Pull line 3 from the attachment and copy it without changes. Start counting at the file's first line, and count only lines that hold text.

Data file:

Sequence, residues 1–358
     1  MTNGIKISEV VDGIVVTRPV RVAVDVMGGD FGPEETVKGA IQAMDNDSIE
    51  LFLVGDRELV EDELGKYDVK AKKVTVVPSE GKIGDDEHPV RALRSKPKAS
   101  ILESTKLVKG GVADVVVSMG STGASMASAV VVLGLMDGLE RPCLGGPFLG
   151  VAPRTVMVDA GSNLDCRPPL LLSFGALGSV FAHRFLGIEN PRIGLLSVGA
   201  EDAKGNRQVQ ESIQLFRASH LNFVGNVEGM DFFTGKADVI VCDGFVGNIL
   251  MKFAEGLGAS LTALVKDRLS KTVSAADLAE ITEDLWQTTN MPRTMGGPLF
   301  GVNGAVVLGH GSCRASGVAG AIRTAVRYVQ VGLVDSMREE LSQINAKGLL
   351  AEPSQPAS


    51  LFLVGDRELV EDELGKYDVK AKKVTVVPSE GKIGDDEHPV RALRSKPKAS